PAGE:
People are suspicious of self-interest because for every philosopher who has taught and advocated self-interest, there have been multiples of those who have taught its opposite, altruism.
Cheating means breaking a rule or law; legal tax avoidance merely exploits “regulatory loopholes” without breaking the law and is part of a legitimate profit maximization strategy.
Companies should be free to operate in any way they choose: to develop mining and oil sands operations, to build pipelines or nuclear power plants, to start and operate biotechnology ventures or any others—as long as they do not violate the individual rights of others, including their rights to liberty and property.
Business, the activity of producing and trading goods and services, demands a great deal of moral virtue, and businesspeople are not lowly materialists but moral creators.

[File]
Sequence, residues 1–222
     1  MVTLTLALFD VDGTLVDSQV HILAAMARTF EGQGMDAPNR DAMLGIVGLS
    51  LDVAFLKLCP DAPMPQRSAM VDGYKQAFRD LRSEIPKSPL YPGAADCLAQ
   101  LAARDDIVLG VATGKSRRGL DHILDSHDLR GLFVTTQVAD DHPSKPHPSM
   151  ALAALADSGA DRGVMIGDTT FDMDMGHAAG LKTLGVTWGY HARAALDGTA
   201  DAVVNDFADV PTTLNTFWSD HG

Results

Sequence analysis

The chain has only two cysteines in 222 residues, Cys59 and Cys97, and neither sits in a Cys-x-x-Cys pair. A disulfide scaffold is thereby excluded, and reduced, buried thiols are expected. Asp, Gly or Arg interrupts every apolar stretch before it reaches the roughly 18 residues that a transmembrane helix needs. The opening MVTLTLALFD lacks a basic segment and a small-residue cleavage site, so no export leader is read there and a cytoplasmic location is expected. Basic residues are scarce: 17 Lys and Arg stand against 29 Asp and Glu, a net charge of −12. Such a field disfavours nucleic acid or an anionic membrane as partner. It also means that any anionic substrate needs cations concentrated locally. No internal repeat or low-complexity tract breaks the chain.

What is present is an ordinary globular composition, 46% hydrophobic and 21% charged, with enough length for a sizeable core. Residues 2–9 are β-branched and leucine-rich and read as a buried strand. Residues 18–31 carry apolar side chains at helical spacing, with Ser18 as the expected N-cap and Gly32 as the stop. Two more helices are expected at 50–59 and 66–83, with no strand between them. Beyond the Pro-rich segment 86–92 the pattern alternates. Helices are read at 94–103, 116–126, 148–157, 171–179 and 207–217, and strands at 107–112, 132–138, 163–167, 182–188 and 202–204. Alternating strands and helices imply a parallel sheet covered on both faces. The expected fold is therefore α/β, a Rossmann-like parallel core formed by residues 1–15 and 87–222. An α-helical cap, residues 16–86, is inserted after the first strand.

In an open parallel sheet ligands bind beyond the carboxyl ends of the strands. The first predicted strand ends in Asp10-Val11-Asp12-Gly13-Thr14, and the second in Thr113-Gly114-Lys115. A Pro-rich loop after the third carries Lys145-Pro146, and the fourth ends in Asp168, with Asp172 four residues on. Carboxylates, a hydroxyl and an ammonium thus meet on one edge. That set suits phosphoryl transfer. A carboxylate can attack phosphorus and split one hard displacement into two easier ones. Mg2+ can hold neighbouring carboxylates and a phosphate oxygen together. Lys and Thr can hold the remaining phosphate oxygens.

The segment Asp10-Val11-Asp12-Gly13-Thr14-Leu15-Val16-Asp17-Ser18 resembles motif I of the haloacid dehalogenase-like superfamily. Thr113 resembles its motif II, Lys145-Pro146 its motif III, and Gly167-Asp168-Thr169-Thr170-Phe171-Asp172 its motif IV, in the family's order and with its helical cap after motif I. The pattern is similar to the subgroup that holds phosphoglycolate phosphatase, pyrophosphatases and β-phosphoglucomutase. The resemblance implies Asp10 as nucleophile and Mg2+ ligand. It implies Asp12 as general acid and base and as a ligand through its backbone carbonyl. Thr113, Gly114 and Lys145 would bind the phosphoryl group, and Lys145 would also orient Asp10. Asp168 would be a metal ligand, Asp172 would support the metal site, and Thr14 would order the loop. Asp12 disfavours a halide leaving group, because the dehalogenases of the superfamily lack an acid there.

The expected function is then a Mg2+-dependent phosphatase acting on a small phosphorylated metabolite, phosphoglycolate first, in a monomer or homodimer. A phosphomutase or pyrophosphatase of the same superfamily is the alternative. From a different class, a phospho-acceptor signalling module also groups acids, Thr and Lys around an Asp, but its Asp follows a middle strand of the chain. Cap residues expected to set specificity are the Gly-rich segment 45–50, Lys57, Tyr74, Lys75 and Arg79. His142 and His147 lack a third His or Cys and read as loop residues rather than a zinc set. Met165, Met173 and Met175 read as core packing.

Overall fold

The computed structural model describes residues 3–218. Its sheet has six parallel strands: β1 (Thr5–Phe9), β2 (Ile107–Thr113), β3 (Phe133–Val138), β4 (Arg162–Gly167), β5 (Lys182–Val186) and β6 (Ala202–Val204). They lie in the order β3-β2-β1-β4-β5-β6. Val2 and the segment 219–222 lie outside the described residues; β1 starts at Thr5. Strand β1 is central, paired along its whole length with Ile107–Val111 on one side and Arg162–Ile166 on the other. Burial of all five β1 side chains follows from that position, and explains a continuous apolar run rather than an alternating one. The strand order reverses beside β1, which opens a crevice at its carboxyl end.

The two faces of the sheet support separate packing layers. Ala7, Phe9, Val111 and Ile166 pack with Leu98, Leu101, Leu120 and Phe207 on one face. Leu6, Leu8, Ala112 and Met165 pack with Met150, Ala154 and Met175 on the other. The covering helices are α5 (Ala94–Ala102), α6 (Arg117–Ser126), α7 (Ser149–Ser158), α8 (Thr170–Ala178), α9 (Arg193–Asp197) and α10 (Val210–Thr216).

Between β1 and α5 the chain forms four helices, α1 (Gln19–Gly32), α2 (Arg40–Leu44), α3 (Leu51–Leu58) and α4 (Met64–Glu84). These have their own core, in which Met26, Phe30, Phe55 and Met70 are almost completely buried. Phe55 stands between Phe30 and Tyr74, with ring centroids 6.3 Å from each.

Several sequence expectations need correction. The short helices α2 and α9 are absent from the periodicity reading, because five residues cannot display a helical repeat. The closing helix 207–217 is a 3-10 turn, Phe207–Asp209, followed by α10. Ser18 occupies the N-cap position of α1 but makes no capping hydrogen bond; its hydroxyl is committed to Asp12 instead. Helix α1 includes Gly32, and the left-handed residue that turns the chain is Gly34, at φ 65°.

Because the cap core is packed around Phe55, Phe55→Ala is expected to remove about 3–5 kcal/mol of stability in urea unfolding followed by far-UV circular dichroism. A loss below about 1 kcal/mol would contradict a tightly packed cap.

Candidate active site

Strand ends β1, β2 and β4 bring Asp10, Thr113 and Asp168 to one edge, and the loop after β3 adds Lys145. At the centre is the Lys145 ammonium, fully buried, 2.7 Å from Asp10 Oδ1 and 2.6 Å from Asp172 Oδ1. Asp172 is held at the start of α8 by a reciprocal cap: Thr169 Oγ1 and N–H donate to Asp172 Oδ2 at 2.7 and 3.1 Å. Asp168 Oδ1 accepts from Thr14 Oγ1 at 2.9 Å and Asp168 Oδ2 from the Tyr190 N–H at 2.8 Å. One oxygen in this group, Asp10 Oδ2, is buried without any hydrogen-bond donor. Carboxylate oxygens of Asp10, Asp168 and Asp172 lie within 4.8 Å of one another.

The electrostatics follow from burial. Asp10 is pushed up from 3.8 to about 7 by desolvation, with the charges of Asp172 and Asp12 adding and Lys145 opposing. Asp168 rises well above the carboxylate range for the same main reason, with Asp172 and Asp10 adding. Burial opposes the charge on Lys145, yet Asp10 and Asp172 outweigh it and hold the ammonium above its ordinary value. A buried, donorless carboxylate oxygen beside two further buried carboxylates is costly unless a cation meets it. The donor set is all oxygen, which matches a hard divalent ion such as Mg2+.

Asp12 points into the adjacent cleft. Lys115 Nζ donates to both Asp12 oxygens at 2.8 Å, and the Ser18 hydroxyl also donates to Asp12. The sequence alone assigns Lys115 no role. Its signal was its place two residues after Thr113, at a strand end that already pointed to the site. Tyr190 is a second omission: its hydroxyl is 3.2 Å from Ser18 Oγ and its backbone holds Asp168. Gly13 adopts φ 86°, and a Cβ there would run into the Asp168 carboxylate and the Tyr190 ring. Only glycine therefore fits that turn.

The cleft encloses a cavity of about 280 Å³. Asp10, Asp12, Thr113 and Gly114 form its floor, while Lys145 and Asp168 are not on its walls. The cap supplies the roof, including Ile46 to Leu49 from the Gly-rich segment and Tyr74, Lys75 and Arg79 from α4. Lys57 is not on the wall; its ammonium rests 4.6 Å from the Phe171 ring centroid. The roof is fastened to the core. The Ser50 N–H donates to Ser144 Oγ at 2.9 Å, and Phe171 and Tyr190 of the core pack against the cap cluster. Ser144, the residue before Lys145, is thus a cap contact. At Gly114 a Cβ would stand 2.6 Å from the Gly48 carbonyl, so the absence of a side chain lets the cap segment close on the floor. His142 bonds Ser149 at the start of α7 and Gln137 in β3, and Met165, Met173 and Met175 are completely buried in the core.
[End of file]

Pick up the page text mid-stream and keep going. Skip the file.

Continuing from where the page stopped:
Business is moral because our lives and well-being depend on it, and businesspeople are heroes and moral creators who deserve, not our disdain and criticism, but our thanks.
Environmentalists like Naomi Klein are intentionally unclear and misleading about the fossil fuel industry and capitalism, because it serves their purpose of taking away our freedom to live our lives and run our businesses the way we choose.
The prerequisite of acting ethically in business and other realms of life is clear thinking.
By appeasing the protestors, the first moral principles the Sainsbury’s manager conceded was the right to liberty.
To argue that foreign takeovers of Canadian companies are of “no net benefit” is nonsensical.
Accepting selflessness as the moral ideal is a source of unearned guilt and irreconcilable with success and happiness.
By preventing technology-enabled new markets for accommodations and ride sharing from operating, the government is violating the companies’ and their customers’ right to liberty and property.
What the environmentalists are advocating—ending freedom via a socialist dictatorship—is a sure path to environmental disasters and human misery.